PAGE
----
What's interesting today

The New York Times Opinion Pages: Stop the Great Firewall of America
This is why you should care about two bills in Congress right now, SOPA and PROTECT-IP. The third paragraph sums it up nicely. Once you’ve read this please visit the EFF and write to your reps in Congress.

American Libraries: On My Mind: An unplugged space
This is an interesting column that proposes that libraries create “Walden zones,” a communication-free area where people can disconnect from their gadgets.

Radical Reference: Alternative Guide to Dallas
The librarians of the North Texas Radical Reference Collective put together a cool map of cool places to go in Dallas during the Midwinter meeting, including vegan restaurants and other neat places to check out.

 

IL2011: Wednesday Keynote

Internet 2020: Trendwatch Smackdown
Roy Tennant, OCLC Online Computer Library Center, Inc.; James Werle, Internet2; Elizabeth Lane Lawley, Rochester Institute of Technology; Stephen Abram, Gale Cengage Learning

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What's interesting today

Simmons GSLIS: Cloonan To Step Down as GSLIS Dean
The dean of my graduate school has decided after a decade that it’s time to take a break. Thank you for making GSLIS an awesome place to become a librarian, Michèle!

American Libraries Next Steps: Broadcast Collaboration
A quick look inside the library at NPR. Did you know their librarians are embedded throughout the journalistic and production staffs? And also that they are going all-digital in preparation for moving to a new building in 2013? Sounds like some very forward-thinking folks.

Avos: Last Call for Delicious Users: Transfer Your Bookmarks
If you haven’t already authorized this (or packed up and taken your bookmarks elsewhere) stop reading and click here to make sure your bookmarks are transferred when Delicious re-launches. It’s also probably not a bad idea to export them today or tomorrow so that you have them in hand if you don’t like the new look of the site. (The migration is apparently happening this weekend.)

Insatiable Booksluts: Banned Books Week: What Subversives Are You Reading?
Despite the brevity of this post, the author is able to succinctly make several interesting points about the overall makeup of the books that show up on our banned lists, and why they’re being challenged. It is also a nice reminder that librarians do a lot more than shelve books and help you find journal articles, as a profession we are also dedicated to protecting your right to read whatever the heck you want. In a librarian’s perfect world, people offended by books would simply choose not to read them, and to prevent their children from reading them, thus leaving the rest of us free to bask in whatever “filth” or “smut” we so desire. Anyway, Banned Books Week starts on Saturday, so go head and pick up something to read! Try Brave New World, by Aldous Huxley, or The Absolutely True Diary of a Part-Time Indian, a young adult book by Sherman Alexie (and certainly one of those that is also resonant for adults).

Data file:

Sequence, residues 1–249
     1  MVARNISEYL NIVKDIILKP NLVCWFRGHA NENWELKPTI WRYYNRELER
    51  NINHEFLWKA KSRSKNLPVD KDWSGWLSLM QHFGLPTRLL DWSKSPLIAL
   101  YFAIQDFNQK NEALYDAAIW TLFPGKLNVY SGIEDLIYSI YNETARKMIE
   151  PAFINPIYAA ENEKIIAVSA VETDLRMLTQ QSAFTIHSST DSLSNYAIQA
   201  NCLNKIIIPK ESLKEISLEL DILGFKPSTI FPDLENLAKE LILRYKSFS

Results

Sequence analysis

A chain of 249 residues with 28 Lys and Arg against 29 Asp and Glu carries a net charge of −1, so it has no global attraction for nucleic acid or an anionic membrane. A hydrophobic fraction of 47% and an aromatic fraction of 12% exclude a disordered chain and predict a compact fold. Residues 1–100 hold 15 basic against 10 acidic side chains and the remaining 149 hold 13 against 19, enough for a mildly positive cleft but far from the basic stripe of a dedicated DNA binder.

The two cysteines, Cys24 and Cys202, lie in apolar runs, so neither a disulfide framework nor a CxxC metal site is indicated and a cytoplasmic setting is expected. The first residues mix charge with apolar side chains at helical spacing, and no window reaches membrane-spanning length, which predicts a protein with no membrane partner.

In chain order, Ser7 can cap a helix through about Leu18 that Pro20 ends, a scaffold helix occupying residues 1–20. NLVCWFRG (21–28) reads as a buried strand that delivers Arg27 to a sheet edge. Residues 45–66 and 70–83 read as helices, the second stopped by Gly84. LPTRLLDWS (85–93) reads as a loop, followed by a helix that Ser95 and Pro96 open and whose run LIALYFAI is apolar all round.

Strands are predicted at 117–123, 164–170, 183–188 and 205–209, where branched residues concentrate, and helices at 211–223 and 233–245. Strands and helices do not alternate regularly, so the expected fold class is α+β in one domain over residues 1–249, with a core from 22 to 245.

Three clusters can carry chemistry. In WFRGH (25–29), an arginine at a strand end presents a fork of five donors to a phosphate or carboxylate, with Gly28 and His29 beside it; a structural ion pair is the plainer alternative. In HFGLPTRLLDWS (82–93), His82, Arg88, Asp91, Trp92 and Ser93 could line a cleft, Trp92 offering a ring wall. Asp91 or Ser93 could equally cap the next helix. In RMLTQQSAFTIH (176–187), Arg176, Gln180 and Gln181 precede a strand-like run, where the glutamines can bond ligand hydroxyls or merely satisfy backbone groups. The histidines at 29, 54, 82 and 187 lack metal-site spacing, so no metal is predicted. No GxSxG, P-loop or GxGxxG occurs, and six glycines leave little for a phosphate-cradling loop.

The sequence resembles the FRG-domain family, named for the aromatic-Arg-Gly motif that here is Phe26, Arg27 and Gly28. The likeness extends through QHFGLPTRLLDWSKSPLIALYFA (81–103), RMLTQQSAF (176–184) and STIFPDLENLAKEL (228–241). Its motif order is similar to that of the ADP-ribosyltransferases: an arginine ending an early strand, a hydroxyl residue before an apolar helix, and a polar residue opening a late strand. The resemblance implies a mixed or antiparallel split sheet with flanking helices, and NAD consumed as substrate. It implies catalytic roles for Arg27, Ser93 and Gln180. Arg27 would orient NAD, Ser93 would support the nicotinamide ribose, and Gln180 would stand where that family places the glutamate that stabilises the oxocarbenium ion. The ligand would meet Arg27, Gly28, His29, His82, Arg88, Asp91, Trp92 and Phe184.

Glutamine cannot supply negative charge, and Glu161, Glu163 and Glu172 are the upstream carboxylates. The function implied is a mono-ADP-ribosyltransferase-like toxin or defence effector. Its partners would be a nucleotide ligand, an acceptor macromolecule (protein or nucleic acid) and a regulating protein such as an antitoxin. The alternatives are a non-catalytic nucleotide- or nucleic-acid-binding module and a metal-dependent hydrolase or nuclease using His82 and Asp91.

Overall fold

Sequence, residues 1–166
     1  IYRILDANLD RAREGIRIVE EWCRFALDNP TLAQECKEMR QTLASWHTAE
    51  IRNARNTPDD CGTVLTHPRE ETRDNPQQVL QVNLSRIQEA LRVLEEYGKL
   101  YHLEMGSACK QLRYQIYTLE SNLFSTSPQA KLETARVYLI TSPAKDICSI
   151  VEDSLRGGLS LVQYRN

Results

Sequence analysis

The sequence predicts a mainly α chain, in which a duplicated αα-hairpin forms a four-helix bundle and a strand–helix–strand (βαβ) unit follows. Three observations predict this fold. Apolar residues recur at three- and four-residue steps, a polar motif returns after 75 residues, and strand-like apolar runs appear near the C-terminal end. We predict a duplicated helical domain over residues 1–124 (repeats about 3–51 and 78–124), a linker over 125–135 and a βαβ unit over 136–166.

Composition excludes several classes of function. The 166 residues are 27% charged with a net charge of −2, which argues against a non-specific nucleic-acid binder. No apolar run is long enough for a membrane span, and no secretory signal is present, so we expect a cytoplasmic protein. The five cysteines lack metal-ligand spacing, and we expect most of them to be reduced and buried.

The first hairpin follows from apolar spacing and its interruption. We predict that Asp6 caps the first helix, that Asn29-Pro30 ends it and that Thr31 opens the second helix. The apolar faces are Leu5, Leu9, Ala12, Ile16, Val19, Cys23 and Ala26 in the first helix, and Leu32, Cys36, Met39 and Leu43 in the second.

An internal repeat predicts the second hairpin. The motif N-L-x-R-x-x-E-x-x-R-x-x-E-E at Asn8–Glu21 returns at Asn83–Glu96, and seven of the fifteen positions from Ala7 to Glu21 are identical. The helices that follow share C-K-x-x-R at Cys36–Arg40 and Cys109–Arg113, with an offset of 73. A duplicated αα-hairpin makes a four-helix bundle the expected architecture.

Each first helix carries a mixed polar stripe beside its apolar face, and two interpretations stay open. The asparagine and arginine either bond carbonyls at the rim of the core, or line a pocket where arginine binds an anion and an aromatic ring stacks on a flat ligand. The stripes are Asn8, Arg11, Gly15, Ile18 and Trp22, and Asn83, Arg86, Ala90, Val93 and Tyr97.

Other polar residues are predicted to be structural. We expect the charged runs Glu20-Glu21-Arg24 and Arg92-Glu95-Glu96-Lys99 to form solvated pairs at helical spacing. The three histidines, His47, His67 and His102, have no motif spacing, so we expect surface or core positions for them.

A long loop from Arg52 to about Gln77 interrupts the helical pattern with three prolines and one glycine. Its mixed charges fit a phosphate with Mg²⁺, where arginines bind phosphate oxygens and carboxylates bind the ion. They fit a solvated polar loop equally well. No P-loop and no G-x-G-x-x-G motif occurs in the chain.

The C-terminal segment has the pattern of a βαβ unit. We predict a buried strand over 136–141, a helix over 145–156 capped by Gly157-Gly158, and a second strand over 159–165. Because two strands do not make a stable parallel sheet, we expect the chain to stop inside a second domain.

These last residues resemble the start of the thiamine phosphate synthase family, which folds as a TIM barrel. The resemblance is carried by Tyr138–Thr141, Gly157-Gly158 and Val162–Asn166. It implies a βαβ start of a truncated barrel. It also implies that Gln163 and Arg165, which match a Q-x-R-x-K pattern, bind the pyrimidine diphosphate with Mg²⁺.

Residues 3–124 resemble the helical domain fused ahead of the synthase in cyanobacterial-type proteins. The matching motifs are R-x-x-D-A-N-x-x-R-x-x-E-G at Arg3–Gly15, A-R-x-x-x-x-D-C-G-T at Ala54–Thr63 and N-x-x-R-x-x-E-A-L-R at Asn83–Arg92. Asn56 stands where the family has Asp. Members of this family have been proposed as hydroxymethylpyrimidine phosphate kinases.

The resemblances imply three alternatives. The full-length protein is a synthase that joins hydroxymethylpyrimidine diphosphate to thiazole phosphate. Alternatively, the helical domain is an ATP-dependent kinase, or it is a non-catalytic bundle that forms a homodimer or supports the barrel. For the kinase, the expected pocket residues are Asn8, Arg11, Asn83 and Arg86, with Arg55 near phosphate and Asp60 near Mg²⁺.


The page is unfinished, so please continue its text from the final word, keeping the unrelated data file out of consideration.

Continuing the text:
American Libraries: ACRL Invites Applicants for Immersion ’12 Program
If you’re an instruction librarian, please start figuring out how to get yourself to Immersion. I’ve never been (not for lack of trying) but from everything I’ve heard from GSLIS classmates who have attended, it is amazingly helpful in developing as a teacher.

What's interesting today

Mashable: Why Browsing Is So Important to Content Discovery
This is a great, well-written article on why browsing is such an important part of information discovery, and how we’re losing this as we rely more and more on search alone.

ALA: Top Ten Most Frequently Challenged Books of 2010
Banned Books Week is coming up (September 24-October 1). Here’s the Office of Intellectual Freedom’s list of most frequently challenged books last year. Always an interesting list, and I noticed that “And Tango Makes Three” has been number one or two since 2006. (It was released at the end of April 2005.) Anyway, take a look at the list and pick out one to read!

Swiss Army Librarian: Library Media Box and Other Vending Machines
What I think is cool about these vending machines that dispense library materials is that you can put them anywhere. I love seeing stories about things like this being placed in train stations, convenience stores, etc. I can’t quickly find it now, but I seem to also recall seeing a story in the last couple of years about some small lockers set up in a convenience store, which allowed people in a town with no library to place holds on materials in the library system that served their region, and they could pickup and drop off at these lockers. (From the 9/7 AL Direct.)

Library Journal: To Fix Higher Education, Start by Eliminating Tenure
Steven Bell poses three questions to Naomi Riley, author of The Faculty Lounges: and Other Reasons Why You Won’t Get the College Education You Paid For. The whole question of tenure and research vs. teaching is an important one. It seems that the focus is on faculty doing research, which is certainly part of what is driving the discussion about “is your fancy education really worth it if the professors listed in the admissions book teach one senior seminar a year.” The topic might not seem to impact libraries much, but Bell makes some important connections, which he asks Riley about.

WiMax, Take Two